Until the early 1980s, large software development projects had a continual problem with the inclusion of headers. One group might have produced a
graphics.h, for example, which started by including
io.h. Another group might have produced
keyboard.h, which also included
io.h could not safely be included several times, arguments would break out about which header should include it. Sometimes an agreement was reached that each header should include no other headers, and as a result, some application programs started with dozens of
#include lines, and sometimes they got the ordering wrong or forgot a required header.
All these complications disappeared with the discovery of a simple technique: each header should
#define a symbol that means "I have already been included." The entire header is then enclosed in an include guard:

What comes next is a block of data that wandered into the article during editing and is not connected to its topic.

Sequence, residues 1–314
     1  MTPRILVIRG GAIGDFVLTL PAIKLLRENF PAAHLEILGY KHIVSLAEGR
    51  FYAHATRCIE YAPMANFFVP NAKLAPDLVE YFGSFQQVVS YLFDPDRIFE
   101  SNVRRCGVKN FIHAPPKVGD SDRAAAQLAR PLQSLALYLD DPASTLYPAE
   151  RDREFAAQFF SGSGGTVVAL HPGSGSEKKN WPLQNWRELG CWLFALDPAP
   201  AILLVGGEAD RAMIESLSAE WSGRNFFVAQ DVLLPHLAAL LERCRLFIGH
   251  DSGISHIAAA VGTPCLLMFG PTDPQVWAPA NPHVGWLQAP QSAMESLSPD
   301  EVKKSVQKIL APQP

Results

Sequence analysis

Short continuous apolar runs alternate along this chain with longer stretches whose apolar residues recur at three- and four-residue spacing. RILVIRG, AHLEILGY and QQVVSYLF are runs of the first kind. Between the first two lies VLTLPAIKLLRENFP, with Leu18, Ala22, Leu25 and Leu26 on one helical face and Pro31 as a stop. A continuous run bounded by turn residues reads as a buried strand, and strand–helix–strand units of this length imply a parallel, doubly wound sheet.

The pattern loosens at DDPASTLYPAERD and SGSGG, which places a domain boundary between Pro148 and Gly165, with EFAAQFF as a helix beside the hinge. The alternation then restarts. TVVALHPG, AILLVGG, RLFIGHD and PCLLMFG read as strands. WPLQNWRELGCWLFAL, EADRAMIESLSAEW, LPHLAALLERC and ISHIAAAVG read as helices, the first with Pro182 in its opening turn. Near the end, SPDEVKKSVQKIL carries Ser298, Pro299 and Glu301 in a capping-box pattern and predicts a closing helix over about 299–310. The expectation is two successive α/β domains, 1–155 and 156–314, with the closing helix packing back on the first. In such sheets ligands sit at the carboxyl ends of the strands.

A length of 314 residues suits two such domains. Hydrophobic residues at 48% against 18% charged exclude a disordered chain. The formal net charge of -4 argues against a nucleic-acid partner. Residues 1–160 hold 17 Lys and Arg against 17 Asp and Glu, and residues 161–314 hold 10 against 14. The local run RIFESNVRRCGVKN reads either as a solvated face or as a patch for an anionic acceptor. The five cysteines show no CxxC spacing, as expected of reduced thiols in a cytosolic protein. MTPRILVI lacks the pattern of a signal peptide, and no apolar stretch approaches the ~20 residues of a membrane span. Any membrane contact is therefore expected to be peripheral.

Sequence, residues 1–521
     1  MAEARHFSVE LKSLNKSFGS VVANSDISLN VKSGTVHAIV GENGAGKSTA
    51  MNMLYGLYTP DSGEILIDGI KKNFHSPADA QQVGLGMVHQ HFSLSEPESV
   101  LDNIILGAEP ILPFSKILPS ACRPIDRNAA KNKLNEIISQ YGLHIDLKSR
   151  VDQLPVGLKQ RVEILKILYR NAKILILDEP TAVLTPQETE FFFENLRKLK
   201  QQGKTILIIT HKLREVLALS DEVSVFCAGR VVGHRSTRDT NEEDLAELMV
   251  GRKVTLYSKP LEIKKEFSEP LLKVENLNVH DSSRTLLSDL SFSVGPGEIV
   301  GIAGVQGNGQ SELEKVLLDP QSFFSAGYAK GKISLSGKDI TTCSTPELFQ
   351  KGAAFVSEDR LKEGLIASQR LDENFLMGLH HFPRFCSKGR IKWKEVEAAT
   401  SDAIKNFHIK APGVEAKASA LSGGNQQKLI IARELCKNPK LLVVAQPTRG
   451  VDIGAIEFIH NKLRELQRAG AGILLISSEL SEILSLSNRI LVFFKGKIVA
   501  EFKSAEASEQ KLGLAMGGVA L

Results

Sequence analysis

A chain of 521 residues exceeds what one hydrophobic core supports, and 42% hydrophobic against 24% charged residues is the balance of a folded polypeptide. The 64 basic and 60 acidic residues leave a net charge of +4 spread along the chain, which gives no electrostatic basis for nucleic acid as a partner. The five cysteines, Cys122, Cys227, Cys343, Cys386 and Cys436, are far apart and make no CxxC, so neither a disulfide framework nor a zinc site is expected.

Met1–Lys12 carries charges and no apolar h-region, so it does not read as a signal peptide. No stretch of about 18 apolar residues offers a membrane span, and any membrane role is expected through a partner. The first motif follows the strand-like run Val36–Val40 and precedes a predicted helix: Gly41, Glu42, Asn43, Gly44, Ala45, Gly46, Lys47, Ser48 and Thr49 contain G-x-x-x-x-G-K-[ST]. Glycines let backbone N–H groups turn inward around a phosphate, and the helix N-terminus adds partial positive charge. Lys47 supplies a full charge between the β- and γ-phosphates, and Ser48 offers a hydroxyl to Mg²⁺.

Consequently, the first time
#include'd, all of its contents are included. If the header file is subsequently
#include'd again, its contents are bypassed.
Because solutions such as this one make it possible to create a header file that can be included more than once, the C Standard guarantees that the standard headers are safe for multiple inclusion.
Note that it is a common mistake to choose a reserved name for the name of the macro used in the include guard. See DCL37-C. Do not declare or define a reserved identifier.
Failure to include header files in an include guard can result in unexpected behavior.
|Axivion Bauhaus Suite|
|LDRA tool suite|
Use multiple include guards
|Polyspace Bug Finder|
|CERT C: Rec. PRE06-C||Checks for content of header file not guarded from multiple inclusions (rec. fully covered)|
|SEI CERT C++ Coding Standard||VOID PRE06-CPP. Enclose header files in an include guard|
|MISRA C:2012||Directive 4.10 (required)|
|[Plum 1985]||Rule 1-14|